Living with a disability can be difficult, especially if your accommodation doesn’t make it easy for you to get around. Luckily, the government offers a disabled facilities grant that can be used to make changes around your home and give you more freedom and independence. One of the benefits of this grant is that it doesn’t affect any other financial support you’re receiving, so it’s a good idea to apply without delay.
Home Renovations for Better Access
Primarily, these grants for disabled access allow you to modify your home to make both your life and any carers’ lives, easier. You can have doors widened and ramps added, for example, allowing you to more easily manoeuvre a wheelchair. Stair lifts, or adding a downstairs bathroom may make your home safer and let you do more for yourself, whilst lighting and heating controls can be changed so they’re easier to use. Kitchen units could even be lowered so you’re able to access them.
Means Testing and Entitlements
The disabled facility grant process is means tested if you’re not in receipt of benefits, with administrators taking into account both your household income and any savings you have to help determine what you’re entitled to. If you receive benefits, such as Income Support, Housing Benefit, income-based Employment Support Assistance, income-based Job Seekers Allowance, Universal Credit or have child or work credits and an income under £15,050 per year, it’s unlikely the means testing process will be used. In addition, children under 18 can claim a disabled facilities grant without their parents’ income affecting their entitlement.
In England, the maximum available grant is £30,000. In Wales you could get up to £36,000, whilst in Northern Ireland, up to £25,000 is available. In Scotland the disability facilities grant isn’t available and you should contact Capability Scotland for help and advice instead.
To qualify for a disabled facilities grant, there are a number of criteria you’ll need to meet. Applicants must either own the property to be changed or be a tenant. The grant period is currently five years, so you must intend on remaining in your current home throughout that time. If you’re a landlord you can apply for if you have a tenant who would benefit from the alterations.
It is vital you do not start any of the work before being awarded the grant; doing so could result in the council turning down your application. If major work is being undertaken that requires planning permission this must also be sought before work goes ahead. This cannot be done as part of the grant application but must be completed as a separate matter.
How to Apply
Applying for a disabled facilities grant is relatively straight forward but you need to have all the relevant information beforehand. This includes a report of the changes that are needed to your home. To ensure this report is complete, it’s best to contact social services and have an occupational therapist offer some guidance. You will also need to know the type of work required (whether it’s cosmetic or structural, for example), and administrators will need to know how much the work will cost.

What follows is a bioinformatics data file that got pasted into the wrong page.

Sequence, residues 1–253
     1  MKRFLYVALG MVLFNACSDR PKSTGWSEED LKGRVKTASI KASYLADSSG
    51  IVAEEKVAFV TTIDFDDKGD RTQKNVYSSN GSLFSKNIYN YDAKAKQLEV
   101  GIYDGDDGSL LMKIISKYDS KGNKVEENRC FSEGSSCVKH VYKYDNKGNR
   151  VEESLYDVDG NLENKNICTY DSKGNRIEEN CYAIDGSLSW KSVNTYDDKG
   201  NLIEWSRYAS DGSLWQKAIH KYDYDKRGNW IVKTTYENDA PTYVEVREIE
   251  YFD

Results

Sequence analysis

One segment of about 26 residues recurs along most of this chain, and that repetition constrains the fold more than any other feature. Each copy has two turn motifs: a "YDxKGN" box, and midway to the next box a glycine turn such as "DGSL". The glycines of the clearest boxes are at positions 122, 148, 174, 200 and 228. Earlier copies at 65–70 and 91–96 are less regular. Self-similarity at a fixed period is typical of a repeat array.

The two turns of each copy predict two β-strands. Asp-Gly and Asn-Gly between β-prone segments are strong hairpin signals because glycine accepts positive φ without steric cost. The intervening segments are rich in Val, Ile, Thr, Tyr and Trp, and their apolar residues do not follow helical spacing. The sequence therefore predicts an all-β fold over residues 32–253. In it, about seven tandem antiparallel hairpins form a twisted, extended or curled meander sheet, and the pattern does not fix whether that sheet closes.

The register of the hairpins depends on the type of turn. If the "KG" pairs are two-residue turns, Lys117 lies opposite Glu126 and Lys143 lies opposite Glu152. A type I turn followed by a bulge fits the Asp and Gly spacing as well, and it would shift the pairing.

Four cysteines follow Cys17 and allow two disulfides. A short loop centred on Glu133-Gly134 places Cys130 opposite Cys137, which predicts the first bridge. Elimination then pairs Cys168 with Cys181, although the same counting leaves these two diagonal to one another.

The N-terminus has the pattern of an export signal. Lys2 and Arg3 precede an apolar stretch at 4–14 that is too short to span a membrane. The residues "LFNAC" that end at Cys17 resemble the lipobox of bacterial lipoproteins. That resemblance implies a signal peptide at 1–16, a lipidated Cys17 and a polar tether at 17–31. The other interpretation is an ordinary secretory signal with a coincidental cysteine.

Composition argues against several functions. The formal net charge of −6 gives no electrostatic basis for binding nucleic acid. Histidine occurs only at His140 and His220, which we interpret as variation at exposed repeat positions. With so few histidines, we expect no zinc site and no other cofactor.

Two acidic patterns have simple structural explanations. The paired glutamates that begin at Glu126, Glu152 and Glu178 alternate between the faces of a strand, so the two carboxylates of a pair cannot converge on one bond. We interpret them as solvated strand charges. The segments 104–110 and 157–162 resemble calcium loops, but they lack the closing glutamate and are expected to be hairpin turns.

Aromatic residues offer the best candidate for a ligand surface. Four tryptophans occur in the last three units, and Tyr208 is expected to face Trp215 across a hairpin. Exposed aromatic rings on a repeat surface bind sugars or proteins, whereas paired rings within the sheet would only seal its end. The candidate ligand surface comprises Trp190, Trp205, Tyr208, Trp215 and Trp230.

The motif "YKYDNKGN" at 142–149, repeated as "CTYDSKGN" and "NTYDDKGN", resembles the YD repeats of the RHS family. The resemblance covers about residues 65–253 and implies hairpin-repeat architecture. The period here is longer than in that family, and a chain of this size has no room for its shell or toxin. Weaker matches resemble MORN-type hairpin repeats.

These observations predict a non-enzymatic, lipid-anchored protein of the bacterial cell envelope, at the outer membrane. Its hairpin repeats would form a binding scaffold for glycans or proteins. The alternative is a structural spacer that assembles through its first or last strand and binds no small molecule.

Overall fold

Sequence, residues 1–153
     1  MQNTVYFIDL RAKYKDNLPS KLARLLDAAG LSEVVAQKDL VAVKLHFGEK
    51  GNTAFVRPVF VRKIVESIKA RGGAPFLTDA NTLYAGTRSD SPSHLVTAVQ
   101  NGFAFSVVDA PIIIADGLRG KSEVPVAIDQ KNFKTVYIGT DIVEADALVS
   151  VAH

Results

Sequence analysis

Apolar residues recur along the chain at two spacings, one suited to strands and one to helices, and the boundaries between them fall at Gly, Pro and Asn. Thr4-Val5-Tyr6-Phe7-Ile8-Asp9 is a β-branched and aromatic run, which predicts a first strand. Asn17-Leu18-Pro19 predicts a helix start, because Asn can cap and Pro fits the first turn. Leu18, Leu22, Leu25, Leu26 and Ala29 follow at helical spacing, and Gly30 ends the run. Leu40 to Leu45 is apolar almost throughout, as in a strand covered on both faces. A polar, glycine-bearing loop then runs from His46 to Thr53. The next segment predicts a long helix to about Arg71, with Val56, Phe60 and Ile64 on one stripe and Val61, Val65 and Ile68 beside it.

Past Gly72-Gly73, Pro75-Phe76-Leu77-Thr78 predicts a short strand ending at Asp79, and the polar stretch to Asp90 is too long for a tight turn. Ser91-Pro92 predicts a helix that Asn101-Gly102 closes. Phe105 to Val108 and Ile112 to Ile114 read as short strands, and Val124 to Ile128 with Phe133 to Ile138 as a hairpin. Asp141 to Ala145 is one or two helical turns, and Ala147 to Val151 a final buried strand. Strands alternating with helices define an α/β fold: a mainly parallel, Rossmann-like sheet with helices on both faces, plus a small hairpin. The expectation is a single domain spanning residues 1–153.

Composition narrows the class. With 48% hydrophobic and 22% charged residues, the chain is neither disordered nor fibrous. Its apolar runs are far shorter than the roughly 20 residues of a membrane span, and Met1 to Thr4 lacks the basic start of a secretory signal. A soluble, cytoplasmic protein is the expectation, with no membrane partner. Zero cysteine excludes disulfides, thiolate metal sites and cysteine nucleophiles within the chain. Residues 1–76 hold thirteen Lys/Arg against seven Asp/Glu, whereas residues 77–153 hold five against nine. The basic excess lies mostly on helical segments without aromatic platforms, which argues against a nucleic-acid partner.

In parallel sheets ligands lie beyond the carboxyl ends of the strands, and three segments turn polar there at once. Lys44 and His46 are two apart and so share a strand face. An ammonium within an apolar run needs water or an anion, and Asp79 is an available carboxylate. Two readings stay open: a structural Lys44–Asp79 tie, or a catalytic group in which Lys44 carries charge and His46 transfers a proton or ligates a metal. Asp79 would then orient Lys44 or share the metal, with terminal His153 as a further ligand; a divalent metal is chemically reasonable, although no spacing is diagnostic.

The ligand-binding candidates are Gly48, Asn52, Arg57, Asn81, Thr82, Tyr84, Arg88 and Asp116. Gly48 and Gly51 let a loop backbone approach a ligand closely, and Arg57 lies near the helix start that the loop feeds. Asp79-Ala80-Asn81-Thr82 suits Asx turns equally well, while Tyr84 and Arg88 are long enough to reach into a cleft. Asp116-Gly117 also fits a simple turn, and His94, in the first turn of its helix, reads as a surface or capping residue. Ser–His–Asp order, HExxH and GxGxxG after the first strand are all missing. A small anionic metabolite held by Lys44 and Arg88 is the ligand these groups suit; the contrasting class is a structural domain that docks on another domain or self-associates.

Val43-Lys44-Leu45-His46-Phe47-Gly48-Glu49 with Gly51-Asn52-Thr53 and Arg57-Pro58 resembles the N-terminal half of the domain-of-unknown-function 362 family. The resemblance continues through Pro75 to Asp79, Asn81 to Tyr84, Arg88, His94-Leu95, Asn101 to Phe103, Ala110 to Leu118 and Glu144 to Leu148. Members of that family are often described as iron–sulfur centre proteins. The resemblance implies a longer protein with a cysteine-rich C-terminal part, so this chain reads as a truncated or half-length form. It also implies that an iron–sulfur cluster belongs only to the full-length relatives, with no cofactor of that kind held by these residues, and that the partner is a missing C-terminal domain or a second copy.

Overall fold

To apply for the grant, you should use the Gov.uk website to find your local council’s website. From there you can make contact with the relevant department and begin the process.
How to Get Paid
Provided your application for a grant is successful, there are a couple of ways you can expect payment. This will differ depending on your local council, so you should seek advice from your borough so you’re sure how the money will be given to you.
It’s common that money will be paid to you in instalments. This will cover the period during the renovation, and will pay for the work as and when it’s finished. Alternatively, your council may simply pay for the whole thing when the work is completed. Some councils actually pay the contractor directly, instead of the money coming to you first. You should be told of this when your application is approved but if in doubt, it’s a good idea to ask.
To actually have the work paid for you will need to send councils an invoice or receipt for payment from the contractor. If you’re using different services for various home modifications (one company for a bathroom and another to build a ramp, for example) you should send invoices in as each project is completed. In some cases, you might have a friend or relative doing some of the work for you. In such a situation the grant will only cover the materials and services you’ve bought, and is unlikely to pay for any labour.
Enjoy More Independence with Home Modification
The disabled facilities grant is one of the best ways to pay for essential changes to your home so that life becomes easier. Because it doesn’t affect your other benefits there’s nothing to lose. If you seek the proper advice from an occupational therapist you might just discover there are alterations you could make you’d never even thought of and, once complete, could provide more independence than you believed possible.